“The Clock of the Long Now” ultimately addresses the inherent inability of any finitely-resourced culture to predict the future. If it survives 10, 000 years, people will have the same perspective of our era as we have of the end of the ice age. If it survives any shorter period of time, it would serve as a reminder to humans (Maybe not even humans? can we guarantee that?) of the meaning of those fragile initial conditions. That the far future is, in fact, chaotic.

8 comments to Clock of the Long Now

• Erin Finnegan

This was awesome, and now I totally want to read this book.

I especially like this: “…built a component that wouldn’t complete a cycle until 25 thousand years have passed.” !!! How does the Strasbourg clock keep those 400 year gears from rusting?

I’ve given a lot of though about what sort of knowledge might survive a potential Dark Age (or the next Ice Age or whathaveyou). What books would be left if only a few households were uncovered in the ruins of North America years from now? The Bible and a handful of Harry Potter sets?

One of my dream projects is to create a (best selling) book called “In Case of Apocalypse, Read This” or something along those lines. It ought to have relatively water proof pages and contain scientific and other information that would be hard to re-discover, like, say, the structure of DNA, the speed of light, a modern Rosetta Stone table for major language groups, and practical information about how to purify water. If enough households have such a book it’d be a boon for future archeologists. Now to find a publisher…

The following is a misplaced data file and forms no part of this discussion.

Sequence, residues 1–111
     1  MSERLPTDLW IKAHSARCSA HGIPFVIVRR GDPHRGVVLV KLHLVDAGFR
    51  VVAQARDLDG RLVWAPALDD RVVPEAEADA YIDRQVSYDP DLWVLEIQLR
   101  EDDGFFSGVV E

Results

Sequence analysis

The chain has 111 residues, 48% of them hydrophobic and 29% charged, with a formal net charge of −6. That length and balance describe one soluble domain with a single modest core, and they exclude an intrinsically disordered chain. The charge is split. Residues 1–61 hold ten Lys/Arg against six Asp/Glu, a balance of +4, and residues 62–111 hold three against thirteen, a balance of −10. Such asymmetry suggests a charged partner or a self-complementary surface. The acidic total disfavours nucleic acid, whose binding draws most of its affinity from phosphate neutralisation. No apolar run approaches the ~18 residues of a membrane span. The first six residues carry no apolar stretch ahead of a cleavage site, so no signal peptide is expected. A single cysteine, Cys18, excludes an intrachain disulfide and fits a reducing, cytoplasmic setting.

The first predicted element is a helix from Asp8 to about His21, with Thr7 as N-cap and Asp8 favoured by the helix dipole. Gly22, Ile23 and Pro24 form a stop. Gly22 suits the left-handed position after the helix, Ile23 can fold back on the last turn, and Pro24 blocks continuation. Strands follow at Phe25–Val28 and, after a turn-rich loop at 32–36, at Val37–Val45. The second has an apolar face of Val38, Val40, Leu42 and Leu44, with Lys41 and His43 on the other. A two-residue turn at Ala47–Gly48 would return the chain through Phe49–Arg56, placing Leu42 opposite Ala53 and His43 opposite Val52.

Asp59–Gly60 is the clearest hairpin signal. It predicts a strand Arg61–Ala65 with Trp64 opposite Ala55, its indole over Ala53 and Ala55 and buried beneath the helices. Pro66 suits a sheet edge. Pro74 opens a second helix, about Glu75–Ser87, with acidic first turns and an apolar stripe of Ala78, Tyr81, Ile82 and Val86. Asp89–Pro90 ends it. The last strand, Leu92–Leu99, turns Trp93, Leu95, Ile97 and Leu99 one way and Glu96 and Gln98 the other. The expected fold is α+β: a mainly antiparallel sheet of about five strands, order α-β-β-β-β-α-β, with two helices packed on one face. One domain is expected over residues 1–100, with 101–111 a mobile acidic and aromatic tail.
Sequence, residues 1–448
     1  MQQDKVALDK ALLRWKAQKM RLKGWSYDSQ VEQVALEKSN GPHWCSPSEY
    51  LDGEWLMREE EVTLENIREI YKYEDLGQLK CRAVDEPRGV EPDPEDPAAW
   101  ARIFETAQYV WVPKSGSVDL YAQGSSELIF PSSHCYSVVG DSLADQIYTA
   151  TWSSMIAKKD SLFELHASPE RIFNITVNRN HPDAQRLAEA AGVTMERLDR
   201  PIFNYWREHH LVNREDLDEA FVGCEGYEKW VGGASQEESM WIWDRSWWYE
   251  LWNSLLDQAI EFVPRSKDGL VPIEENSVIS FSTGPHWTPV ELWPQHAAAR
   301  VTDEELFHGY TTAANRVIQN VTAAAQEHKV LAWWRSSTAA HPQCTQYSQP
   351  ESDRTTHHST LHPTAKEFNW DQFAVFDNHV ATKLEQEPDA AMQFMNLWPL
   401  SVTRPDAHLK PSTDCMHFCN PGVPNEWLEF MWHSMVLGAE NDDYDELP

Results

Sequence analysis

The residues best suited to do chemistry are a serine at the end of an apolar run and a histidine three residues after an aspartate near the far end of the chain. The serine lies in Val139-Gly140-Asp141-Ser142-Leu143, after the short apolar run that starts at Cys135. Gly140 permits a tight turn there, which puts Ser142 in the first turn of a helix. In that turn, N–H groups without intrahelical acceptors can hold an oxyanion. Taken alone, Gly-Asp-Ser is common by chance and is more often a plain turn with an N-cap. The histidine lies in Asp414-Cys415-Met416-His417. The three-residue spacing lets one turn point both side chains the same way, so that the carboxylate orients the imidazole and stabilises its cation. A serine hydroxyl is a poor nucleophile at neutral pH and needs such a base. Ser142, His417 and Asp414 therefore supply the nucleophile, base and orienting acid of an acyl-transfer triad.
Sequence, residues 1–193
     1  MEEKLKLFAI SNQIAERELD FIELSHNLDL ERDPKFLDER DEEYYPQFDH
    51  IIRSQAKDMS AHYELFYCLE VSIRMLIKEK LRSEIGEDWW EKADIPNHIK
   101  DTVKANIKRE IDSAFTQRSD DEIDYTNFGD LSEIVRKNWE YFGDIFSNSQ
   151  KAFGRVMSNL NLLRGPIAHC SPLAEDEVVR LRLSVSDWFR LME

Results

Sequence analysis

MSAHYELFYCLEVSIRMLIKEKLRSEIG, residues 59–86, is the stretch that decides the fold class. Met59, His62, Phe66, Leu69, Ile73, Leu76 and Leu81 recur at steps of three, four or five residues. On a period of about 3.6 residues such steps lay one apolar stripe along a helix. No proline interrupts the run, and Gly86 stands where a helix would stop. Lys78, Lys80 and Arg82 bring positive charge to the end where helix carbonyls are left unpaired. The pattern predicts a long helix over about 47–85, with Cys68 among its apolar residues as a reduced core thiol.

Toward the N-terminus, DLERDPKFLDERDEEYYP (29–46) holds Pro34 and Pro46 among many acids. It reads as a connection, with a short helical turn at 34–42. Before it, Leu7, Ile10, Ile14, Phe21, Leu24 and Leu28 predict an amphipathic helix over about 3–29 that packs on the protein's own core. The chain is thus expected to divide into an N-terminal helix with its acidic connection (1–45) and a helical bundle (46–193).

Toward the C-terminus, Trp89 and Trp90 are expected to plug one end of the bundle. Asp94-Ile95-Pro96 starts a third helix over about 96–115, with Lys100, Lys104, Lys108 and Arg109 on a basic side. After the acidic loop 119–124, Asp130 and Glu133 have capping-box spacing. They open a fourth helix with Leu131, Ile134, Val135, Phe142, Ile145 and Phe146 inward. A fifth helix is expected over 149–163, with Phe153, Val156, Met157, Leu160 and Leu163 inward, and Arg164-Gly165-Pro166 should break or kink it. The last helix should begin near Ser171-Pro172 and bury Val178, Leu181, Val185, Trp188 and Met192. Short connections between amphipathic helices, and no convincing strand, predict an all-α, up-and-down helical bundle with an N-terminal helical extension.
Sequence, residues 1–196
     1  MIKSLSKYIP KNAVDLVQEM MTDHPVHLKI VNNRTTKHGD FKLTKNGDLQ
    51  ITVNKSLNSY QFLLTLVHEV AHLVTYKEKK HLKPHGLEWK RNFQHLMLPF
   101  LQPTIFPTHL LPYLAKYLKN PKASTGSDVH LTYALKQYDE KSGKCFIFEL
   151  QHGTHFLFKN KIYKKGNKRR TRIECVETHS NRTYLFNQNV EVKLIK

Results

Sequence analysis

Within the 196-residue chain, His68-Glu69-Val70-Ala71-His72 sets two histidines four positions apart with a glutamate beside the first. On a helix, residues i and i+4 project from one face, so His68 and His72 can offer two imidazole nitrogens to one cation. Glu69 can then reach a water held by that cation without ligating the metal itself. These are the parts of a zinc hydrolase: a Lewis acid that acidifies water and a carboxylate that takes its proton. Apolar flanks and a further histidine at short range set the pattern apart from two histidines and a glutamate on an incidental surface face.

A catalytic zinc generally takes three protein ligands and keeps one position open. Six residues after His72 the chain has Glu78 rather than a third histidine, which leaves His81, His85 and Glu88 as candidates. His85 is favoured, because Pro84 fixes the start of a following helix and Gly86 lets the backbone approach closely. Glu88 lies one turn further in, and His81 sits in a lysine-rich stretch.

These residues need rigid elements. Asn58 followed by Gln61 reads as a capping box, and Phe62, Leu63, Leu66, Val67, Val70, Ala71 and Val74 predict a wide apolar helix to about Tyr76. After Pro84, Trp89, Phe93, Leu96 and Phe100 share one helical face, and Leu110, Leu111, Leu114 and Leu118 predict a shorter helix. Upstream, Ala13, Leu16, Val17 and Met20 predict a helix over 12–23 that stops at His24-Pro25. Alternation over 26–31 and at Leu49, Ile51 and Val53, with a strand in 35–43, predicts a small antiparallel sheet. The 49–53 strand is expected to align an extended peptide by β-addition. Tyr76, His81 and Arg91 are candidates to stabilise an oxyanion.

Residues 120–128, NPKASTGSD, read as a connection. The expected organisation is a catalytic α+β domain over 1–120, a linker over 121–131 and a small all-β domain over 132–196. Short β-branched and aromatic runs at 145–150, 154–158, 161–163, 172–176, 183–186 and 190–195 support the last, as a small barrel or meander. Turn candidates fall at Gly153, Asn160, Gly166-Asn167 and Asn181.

• Myriam Melki

Omer, impressive post. I love the idea of building for posterity. We all think of the “now” when we design something. And to this day, we are still fascinated by the idea of immortality; immortality is fascinating in that it’s a way of escaping death, escaping forgetfulness, defying time. How many movie directors, writers, artists have attempted to defy time. How many time machines have been built in the fictional realm? A hundred? Maybe more… While reading your response, I realized that this Strasbourg clock was, in a way, a time machine of its own. It was built many generations ago, and it was built to last. It was built for prosperity. And the idea of having a possible new clock based on boolean logic, that could probably last as long or even longer is daunting. Opening it to the public is another interesting aspect. How I would love to read a book in a large-scale computer meant to last 10 000 years! Thanks Omer for your post 🙂

• Nancy

Great project.. First work on how it will be saved/preserved.. then the content! Think of what we sent into space forSETI to let any ET’s we might find who we are…. So how we would save the book and what we should save in it.–go for it, Erin!

• Nancy

Great post, Omer. You write enthusiastically and well. I can’t really tell what is from the book and what you have brought to us from your awesome store of knowledge.

• Yang Wang

Looks very cool, although I cannot understand what they are…

• Yang Wang

And you guys must be interested in Immanuel Kant’s theory about space and time, read his masterpiece ‘Kritik der reinen Vernunft’ to know more 🙂